Spencer Tunick, Arrow To Washington, NYC, 1995. Gelatin silver print, 48×60 inches. Edition of 6.

We spoke with Joy Garnett from the Arts Advocacy Project at the National Coalition Against Censorship about a new artist education tool, Artist Rights.

Jenny Gill: How did the Artist Rights site come to be? Who compiled the resources and research available there?

Joy Garnett: Artist Rights was created to address questions that artists may have about their rights under the First Amendment. The site is a collaboration between the National Coalition Against Censorship (NCAC) and the Center for Democracy and Technology (CDT). Previously, NCAC put together an art law database with help from a lawyer and five law students, and the CDT had built a site to address artists’ online rights. The Artist Rights site brings together the content of these two resources into one cohesive, easily navigable site.

The impetus for creating Artist Rights was an incident involving an artist who received a letter demanding that their work, which included nudes, be removed from an exhibition in a public space. The letter contained legalese that the artist found confusing and intimidating; had he been able to penetrate the jargon, he might have realized that the assertions in the letter were incorrect and that he was well within his rights. And so the idea for the website was born. Continue reading

Two Academic Writers Learn to Unlearn and Build on Their Own

From "On Larry Lee's 'The (Un)Timely Death of Multiculturalism," by Eunsong Kim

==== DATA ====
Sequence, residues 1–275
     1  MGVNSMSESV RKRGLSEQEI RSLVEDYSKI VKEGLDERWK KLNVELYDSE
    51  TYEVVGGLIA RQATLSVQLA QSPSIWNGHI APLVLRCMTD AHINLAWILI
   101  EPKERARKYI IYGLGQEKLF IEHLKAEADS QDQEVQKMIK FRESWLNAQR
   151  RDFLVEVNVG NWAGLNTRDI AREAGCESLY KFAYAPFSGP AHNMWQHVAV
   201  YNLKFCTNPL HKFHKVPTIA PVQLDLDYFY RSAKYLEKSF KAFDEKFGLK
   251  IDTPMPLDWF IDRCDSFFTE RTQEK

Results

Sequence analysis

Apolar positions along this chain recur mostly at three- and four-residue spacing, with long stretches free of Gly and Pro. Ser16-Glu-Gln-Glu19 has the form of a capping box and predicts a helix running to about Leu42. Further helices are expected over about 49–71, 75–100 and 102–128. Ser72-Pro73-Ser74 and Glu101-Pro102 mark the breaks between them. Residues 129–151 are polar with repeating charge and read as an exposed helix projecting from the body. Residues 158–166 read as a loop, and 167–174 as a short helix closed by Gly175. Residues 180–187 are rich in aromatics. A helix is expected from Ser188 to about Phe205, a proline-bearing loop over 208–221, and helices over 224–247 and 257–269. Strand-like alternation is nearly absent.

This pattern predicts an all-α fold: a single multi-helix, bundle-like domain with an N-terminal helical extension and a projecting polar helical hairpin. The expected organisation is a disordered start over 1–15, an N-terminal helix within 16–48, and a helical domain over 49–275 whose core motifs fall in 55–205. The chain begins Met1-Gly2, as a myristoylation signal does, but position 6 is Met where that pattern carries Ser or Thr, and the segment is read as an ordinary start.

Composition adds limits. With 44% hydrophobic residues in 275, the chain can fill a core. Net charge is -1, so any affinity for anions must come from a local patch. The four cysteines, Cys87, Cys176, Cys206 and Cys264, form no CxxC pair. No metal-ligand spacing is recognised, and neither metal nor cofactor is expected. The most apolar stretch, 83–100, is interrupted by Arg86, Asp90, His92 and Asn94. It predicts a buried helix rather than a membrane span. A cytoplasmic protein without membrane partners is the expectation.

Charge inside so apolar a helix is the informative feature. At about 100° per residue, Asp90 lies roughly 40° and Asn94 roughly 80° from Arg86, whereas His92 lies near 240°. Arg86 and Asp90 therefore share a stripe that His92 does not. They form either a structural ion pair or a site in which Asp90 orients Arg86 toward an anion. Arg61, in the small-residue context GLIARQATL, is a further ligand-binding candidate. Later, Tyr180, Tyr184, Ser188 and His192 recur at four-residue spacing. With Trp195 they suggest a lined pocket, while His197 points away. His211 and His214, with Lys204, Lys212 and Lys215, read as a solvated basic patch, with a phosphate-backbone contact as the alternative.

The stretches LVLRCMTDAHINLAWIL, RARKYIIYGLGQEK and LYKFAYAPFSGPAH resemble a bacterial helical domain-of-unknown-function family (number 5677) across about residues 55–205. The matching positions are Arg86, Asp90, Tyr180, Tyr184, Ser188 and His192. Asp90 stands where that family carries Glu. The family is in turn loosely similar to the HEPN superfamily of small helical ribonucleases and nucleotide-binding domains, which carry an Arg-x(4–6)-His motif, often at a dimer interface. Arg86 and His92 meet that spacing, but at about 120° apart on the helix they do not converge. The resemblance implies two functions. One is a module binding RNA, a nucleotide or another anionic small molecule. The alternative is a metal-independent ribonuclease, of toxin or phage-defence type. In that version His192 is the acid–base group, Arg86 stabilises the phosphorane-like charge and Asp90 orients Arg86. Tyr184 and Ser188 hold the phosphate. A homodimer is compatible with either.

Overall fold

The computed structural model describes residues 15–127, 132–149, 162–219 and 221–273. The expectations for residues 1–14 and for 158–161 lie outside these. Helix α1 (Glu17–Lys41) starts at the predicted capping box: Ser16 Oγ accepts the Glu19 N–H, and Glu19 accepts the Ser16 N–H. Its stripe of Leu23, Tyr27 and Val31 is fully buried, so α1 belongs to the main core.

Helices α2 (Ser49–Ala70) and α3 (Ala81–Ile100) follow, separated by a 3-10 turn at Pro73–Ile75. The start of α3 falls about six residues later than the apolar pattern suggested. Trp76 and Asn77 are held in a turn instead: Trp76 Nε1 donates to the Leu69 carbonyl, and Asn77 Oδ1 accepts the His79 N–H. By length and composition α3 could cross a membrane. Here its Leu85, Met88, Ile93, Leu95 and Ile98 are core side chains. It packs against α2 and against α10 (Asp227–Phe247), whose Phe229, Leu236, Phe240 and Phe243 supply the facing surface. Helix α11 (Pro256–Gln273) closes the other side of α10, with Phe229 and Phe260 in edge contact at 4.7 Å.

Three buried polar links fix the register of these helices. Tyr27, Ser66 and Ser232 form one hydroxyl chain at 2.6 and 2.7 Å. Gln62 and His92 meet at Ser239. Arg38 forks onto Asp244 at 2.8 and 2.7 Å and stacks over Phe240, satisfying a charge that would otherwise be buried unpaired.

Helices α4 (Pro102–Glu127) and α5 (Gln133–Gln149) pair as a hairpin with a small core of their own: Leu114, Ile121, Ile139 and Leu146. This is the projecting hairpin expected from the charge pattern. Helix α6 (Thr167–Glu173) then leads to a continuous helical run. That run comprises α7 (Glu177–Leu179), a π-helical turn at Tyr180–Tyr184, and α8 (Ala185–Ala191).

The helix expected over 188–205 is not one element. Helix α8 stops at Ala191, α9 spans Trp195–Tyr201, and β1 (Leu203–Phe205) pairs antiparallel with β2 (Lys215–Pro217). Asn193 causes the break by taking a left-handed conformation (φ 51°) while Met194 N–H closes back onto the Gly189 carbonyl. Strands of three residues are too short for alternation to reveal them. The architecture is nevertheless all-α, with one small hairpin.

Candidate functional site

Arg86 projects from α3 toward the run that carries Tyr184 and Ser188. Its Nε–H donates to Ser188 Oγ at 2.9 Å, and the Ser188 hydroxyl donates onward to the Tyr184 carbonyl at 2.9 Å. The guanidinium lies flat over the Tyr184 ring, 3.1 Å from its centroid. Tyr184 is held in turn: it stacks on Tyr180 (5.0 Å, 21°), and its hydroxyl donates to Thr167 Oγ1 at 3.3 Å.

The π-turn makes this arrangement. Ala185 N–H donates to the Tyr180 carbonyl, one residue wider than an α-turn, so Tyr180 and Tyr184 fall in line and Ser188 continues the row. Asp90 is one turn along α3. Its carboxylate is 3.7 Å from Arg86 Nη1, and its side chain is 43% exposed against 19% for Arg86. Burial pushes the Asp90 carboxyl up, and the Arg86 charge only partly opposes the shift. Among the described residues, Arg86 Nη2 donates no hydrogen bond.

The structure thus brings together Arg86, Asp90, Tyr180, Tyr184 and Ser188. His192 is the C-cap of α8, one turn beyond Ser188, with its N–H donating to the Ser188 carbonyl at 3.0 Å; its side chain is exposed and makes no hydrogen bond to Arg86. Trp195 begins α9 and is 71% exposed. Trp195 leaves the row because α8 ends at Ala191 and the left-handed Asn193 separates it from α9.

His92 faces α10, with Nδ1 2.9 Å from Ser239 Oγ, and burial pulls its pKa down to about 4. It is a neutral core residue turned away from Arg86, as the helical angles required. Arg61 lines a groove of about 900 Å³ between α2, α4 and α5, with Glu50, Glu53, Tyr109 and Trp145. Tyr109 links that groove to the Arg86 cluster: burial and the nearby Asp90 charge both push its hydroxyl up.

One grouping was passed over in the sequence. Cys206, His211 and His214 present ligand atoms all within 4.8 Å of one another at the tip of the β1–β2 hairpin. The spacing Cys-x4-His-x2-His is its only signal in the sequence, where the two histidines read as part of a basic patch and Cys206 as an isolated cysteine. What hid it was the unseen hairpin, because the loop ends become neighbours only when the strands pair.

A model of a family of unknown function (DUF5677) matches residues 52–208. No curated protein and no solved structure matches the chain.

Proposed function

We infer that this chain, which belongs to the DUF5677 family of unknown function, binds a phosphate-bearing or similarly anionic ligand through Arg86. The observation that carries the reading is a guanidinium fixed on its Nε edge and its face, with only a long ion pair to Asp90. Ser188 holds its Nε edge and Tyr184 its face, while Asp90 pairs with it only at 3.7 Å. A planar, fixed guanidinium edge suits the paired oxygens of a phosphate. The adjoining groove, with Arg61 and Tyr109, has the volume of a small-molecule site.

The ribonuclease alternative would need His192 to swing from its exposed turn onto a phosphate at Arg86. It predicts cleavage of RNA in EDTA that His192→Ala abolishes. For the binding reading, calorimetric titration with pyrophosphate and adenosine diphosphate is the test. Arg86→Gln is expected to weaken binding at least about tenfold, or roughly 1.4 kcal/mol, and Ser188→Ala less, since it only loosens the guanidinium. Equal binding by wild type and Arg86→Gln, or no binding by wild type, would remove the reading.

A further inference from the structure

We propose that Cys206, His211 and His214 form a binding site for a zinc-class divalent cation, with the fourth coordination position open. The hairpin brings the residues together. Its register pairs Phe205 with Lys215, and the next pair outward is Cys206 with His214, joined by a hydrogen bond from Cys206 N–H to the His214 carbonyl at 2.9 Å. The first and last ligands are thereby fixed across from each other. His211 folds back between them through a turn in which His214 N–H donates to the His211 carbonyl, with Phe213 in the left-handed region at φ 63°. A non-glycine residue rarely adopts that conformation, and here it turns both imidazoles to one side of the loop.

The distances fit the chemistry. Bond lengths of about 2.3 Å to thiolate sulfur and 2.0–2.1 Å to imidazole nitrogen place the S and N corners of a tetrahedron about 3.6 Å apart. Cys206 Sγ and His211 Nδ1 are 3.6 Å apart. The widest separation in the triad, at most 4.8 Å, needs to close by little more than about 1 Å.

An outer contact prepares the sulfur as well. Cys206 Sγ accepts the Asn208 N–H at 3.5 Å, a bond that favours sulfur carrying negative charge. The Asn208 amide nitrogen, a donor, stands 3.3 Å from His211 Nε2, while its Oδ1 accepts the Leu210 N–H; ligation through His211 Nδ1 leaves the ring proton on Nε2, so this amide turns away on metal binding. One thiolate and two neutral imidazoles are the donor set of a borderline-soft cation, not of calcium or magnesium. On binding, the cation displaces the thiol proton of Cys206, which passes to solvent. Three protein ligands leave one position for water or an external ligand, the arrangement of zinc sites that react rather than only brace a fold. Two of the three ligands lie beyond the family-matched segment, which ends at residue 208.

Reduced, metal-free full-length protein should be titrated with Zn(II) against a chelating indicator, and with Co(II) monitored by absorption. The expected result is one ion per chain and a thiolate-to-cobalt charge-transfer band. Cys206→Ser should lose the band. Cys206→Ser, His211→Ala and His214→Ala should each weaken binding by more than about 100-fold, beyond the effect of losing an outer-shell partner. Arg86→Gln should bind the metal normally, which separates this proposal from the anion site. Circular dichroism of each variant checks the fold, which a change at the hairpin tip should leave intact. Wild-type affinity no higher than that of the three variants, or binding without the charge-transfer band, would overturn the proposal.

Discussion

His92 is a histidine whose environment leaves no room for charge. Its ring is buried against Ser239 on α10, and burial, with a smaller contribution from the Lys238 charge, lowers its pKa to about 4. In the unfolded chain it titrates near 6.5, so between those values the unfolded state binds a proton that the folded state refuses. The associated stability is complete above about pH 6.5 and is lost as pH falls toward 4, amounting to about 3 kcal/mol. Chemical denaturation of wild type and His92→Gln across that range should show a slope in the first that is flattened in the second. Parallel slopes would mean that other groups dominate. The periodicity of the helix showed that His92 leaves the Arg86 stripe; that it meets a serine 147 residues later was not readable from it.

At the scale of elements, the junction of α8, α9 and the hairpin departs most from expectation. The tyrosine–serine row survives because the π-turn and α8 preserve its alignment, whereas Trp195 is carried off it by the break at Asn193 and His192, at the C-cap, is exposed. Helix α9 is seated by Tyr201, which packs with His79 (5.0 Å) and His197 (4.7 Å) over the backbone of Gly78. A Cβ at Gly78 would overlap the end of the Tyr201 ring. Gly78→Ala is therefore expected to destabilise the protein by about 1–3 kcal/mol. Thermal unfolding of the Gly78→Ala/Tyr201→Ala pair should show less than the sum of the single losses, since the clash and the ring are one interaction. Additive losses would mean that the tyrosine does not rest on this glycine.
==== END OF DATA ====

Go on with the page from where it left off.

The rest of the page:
From “On Larry Lee’s ‘The (Un)Timely Death of Multiculturalism,” by Eunsong Kim

In May, we spoke to a few arts bloggers who had won Arts Writers grants to maintain their blogs. One blog, contemptorary by writers Gelare Khoshgozaran and Eunsong Kim, was just beginning at the time. As of August, 2016, however, their project is well underway with articles on artists and arts exhibitions, like MOCA Los Angeles’s “What is Contemporary?” Their stated focus this year on women of color and indigenous on and overall hope to reframe marginalized voices in art history and criticism struck us as particularly important, so we reached out to the writers for further comment.

Alex Teplitzky: Your blog will profile women of color and indigenous women queering the art world. Can you go more into specifics about who you hope to profile or hear from? What convinced you to start this blog?

Gelare Khoshgozaran & Eunsong Kim: We introduce contemptorary as a “cyberspace project covering: women of color and indigenous women queering the art world; queers disrupting white hegemony: immigrants and those displaced due to war, occupation and colonialism who breach all terrains.”

We wanted to create a unique space dedicated to those who have been historically marginalized (or inevitably auto-marginalized), tokenized and alienated. We wanted to assert our taste and bring into light the works of those whom we deeply value and have been inspired by, (re)introduce their works in a new context and see how their different voices resonate together cacophonously.

We started contemptorary because we didn’t see anything that was like it. We also made this decision because we have been students and practitioners of the arts and our previous education, our assigned reading guidelines have not been enough. They were curricula that consistently left us needing to: unlearn and to research and build on our own. So we’re carving out a cyberspace that holds what we want to learn about, what we want to read about, what we want to see and share.